The book can be seen as an introduction to metaphysical inquiry, by way of actual examples of how metaphysicians have attempted to answer these questions, and more specific questions that fall under them. Thus, van Inwagen examines, among other things, individuality (monism, nihilism, pluralism, Spinoza's & Bradley's arguments for monism), externality (Berkeley's subjective idealism), objectivity (Realism and anti-Realism), the cosmological, ontological, and teleological arguments, in several different forms, mind-body dualism and physicalism, free will vs. determinism, composition and persistence through time, and personal identity. In the course of this inquiry, van Inwagen makes no effort to maintain a fine neutrality; he forthrightly states his own opinions and argues for them, examines and criticizes opposing views and arguments, and offers his conclusions. On some matters, he finds no solutions, but only enduring mysteries. The book concludes with a meditation on mystery, and a suggestion that metaphysical problems may be beyond human power to solve (or resolve), and that it is no surprise if that is in fact the case. I happen to disagree with these sentiments, at least to a degree, and I certainly disagree with many of van Inwagen's conclusions. But that's the point. Learning metaphysics isn't learning a set of established facts, it is learning how to form something resembling an intelligent opinion on matters metaphysical. If, by the end of this book, you have learned enough to *disagree* with van Inwagen intelligently, the book has done its job. It certainly did for me.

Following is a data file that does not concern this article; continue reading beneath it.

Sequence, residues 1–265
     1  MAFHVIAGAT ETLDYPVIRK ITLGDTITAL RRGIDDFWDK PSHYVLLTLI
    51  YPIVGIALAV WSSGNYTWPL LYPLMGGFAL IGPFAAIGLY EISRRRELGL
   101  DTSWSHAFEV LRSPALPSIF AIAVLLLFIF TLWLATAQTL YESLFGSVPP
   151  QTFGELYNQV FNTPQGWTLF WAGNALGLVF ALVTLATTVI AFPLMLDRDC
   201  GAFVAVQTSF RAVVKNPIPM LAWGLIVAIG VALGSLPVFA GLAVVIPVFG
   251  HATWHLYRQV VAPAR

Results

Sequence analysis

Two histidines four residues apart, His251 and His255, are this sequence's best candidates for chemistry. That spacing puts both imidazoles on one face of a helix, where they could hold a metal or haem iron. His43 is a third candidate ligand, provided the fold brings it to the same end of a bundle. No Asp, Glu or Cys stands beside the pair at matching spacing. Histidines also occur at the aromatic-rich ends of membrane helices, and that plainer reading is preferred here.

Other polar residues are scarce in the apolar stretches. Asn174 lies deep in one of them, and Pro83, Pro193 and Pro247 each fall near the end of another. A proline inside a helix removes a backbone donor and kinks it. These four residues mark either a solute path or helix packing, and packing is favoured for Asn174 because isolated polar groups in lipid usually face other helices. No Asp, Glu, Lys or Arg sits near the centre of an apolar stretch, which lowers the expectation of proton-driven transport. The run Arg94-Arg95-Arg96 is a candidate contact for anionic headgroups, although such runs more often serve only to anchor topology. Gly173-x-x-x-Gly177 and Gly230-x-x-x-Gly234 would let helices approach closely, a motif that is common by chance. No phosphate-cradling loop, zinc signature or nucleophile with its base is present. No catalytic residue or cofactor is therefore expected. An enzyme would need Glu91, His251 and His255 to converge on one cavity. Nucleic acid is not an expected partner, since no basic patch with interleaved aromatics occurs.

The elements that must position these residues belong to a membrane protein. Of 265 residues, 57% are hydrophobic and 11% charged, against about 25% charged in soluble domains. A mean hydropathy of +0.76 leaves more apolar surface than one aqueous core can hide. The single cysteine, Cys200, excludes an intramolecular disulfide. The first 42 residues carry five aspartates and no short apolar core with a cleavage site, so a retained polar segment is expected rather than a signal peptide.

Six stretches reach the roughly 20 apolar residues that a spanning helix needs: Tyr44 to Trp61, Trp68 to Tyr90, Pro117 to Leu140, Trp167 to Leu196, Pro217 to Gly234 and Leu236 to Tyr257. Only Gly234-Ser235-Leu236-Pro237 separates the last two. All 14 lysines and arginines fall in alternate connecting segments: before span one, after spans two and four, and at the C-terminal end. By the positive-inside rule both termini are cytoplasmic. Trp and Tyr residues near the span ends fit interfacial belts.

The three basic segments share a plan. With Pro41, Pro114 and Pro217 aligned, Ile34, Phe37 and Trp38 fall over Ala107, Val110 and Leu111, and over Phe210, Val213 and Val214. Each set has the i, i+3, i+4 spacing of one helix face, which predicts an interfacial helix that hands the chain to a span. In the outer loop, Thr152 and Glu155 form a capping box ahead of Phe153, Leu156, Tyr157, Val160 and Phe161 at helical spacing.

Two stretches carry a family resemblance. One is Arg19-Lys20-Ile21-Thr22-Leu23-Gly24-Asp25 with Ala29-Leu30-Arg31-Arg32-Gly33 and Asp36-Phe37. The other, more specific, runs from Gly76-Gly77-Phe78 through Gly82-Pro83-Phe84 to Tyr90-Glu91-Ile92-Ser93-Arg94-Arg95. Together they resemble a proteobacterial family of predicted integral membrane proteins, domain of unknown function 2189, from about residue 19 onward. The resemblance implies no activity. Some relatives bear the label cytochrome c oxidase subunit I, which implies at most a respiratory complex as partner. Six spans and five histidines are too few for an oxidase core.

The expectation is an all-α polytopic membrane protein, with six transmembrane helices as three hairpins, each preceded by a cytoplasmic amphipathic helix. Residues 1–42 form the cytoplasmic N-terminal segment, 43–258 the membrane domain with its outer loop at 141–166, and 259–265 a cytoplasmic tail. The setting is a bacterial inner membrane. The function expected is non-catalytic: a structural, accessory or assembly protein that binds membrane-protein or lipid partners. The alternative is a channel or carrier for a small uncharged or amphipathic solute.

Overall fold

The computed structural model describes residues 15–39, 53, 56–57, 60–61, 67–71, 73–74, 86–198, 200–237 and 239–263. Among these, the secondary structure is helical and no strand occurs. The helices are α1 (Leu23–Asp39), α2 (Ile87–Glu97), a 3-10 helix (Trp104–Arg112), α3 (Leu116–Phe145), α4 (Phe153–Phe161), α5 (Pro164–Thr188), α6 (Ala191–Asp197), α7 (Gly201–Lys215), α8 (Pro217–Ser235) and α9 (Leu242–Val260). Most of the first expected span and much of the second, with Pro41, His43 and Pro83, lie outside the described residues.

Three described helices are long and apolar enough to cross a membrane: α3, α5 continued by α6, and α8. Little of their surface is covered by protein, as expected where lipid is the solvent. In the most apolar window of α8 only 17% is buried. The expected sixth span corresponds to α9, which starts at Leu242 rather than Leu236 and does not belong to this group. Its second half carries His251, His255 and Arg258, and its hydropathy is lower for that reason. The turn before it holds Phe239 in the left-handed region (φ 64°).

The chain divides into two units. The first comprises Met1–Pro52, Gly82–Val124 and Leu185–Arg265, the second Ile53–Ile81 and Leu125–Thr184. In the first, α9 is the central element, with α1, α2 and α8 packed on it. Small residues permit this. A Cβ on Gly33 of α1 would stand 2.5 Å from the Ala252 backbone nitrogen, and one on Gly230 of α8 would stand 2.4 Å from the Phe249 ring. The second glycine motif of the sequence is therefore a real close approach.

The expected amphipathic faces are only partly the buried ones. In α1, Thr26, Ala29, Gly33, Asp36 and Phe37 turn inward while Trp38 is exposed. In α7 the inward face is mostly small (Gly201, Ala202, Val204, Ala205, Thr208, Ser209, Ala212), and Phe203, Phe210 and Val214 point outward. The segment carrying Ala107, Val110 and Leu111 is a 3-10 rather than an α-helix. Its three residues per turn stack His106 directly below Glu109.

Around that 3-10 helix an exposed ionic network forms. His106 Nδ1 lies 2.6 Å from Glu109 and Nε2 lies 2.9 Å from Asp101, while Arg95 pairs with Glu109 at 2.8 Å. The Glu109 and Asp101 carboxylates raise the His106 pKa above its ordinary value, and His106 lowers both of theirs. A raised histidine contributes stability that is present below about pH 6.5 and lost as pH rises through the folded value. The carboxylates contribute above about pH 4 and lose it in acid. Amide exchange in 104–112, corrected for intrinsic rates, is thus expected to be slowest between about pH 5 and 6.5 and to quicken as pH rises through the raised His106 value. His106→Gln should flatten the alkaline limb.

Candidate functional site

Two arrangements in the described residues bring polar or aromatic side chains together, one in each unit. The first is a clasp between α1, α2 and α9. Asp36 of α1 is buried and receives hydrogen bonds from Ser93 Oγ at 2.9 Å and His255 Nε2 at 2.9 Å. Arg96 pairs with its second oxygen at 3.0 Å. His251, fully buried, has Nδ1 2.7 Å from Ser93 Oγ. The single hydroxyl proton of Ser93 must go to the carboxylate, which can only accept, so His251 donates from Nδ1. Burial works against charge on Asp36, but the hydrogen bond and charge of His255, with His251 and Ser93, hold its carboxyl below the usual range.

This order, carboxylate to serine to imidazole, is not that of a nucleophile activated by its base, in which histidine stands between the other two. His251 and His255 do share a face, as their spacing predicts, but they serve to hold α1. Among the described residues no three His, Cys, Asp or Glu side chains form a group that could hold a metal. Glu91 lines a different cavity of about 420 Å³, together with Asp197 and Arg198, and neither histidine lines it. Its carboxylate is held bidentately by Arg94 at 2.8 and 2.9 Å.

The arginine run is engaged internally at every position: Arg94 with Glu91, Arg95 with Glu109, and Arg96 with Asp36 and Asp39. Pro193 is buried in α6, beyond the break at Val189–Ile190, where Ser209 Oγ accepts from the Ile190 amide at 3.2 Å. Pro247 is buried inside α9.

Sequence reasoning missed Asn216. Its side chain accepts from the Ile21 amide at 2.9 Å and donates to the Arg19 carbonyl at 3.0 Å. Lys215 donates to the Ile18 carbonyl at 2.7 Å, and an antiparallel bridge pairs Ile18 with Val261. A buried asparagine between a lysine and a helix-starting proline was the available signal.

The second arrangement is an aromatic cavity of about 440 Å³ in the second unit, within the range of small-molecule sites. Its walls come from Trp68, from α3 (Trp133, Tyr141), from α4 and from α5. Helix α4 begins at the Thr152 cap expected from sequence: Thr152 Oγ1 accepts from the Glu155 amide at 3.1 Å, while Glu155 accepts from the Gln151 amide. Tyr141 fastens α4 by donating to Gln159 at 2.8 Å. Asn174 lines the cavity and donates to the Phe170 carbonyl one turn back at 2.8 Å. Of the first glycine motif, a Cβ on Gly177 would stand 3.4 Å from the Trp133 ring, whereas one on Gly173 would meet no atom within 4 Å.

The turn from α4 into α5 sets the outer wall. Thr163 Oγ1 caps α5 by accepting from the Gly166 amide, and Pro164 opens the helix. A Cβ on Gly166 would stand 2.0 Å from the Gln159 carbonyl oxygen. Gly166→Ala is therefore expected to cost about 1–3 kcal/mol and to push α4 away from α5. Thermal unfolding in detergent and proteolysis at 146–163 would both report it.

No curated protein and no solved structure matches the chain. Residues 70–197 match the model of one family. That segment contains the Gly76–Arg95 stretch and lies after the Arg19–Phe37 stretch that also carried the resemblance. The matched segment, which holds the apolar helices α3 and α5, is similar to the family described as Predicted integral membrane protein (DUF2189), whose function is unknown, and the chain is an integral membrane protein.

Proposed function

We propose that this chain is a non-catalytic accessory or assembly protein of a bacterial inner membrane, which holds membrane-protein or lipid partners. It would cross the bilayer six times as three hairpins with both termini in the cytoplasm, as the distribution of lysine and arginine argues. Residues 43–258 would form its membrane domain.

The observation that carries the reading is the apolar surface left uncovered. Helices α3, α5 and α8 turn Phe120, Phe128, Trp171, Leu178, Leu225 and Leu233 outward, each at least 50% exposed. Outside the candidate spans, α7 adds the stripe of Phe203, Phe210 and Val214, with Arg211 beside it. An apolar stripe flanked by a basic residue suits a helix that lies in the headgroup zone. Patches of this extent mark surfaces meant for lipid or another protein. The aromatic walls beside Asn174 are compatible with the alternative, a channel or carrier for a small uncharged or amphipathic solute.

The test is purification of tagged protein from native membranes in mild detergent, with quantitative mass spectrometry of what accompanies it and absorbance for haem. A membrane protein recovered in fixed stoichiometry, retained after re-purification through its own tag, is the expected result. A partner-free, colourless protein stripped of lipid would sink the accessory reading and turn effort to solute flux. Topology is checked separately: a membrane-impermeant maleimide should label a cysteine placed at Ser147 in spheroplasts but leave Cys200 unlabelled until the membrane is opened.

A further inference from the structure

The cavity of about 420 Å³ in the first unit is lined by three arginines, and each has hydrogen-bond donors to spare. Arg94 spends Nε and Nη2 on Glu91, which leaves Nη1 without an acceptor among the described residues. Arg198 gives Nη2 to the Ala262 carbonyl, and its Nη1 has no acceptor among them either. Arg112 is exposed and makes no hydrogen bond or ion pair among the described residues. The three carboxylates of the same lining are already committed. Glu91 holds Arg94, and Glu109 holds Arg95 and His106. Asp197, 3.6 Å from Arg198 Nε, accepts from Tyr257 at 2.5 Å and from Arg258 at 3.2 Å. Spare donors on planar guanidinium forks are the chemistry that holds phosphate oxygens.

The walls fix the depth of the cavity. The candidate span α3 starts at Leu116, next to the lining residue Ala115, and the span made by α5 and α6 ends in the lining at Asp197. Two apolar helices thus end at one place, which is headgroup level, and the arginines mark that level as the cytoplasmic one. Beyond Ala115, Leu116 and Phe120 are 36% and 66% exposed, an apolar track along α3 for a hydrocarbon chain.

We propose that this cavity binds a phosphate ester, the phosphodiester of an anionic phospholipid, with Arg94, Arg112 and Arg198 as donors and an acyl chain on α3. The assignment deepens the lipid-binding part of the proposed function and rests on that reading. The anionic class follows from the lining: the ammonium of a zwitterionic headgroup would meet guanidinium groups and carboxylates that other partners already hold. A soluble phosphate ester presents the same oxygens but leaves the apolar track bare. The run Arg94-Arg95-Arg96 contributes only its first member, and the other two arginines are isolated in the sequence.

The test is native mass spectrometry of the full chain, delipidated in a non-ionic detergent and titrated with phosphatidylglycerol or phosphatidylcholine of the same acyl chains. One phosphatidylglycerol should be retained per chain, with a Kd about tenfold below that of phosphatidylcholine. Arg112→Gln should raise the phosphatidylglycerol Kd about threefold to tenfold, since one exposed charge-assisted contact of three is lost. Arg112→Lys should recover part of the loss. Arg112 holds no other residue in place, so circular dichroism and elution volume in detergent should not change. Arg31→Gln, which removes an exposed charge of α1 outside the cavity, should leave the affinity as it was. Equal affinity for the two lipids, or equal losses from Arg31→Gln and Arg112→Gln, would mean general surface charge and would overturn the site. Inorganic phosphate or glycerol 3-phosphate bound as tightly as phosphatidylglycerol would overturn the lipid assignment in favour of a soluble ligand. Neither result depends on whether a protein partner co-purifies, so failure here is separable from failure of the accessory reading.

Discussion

14 of 16 people found the following review helpful
5.0 out of 5 stars breadth and depth from one of the finest 2 Feb 2007
By Micah Newman - Published on Amazon.com
Format:Paperback
Peter van Inwagen writes here for the "hopefully non-mythical, general interested reader." This book is thus a guide to some broad topics in metaphysics written for someone with no philosophical background, but that is willing and able to think deeply. Of particular value is the introduction, wherein van Inwagen gives a characteristically cobweb-clearing explanation of just what metaphysics *is* (to a philosopher).

The topics (see the Table of Contents) cover pretty much the whole swath of metaphysics, and metaphysics is so wide- and far-reaching itself that each topic would be take several graduate courses to fully explore, just from a contemporary perspective. There is great breadth here, but also significant depth for the issues covered. Basically, for each topic van Inwagen introduces a main idea, then follows an argument to a conclusion (the one that he favors, naturally enough). But one also gets a strong sense of what other issues subside within, or are otherwise connected with, a topic. This book also serves as a terrific example of the author's general acumen for philosophical writing, in being able to navigate very clearly, lucidly, thoroughly, AND concisely through a chosen topic.